One response is FDA’s Beyond Our Borders initiative, which is establishing overseas branches to better monitor foreign manufacturers of products destined for the United States. The agency opened offices in China in November and plans additional outposts in India, Europe, Latin America, and the Middle East to track local developments and to be on the spot if problems arise.
Field operations require innovative approaches, such as certification programs for foreign manufacturers, increased reliance on inspections by foreign regulatory authorities, improved risk management of inspection programs, and high-tech field laboratories. Even with more resources and foreign offices, FDA will never be able to inspect every manufacturer on a timely basis.
A major challenge for FDA’s field force is to oversee the U.S. food supply. Because food is regulated very differently from medical products, DeLauro and others propose to shift food regulation from FDA to a new federal agency.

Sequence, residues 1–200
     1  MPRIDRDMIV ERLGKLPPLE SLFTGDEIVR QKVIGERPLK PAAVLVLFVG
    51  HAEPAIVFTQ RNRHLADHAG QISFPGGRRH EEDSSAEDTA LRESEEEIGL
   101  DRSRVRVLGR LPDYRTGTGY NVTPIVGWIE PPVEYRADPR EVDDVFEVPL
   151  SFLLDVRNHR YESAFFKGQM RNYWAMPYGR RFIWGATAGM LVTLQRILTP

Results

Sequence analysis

The Department of Health and Human Services has opposed such a move, claiming that food safety is more of a public health issue than the province of agricultural interests.
FDA officials also propose a less radical change that involves splitting FDA into two “directorates,” one for food and one for medical products. There is support for such a move from food operators, many of whom are likely to feel that food plays second fiddle to drugs at FDA, and also from medical product companies that may fear being hit by more restrictive food import policies.
The probable political reality is that a major change such as taking the “food” out of FDA is not likely to happen any time soon. The Obama administration has more pressing tasks at hand in the economic and health arenas, and most members of Congress appear unenthusiastic about altering committee oversight responsibilities. Former FDA official Wayne Pines notes that reorganizations end up “just moving boxes around and not increasing efficiency.” But if Congress follows through on proposals to authorize FDA regulation of tobacco, that process could provide an opportunity for broader changes in agency structure and operations.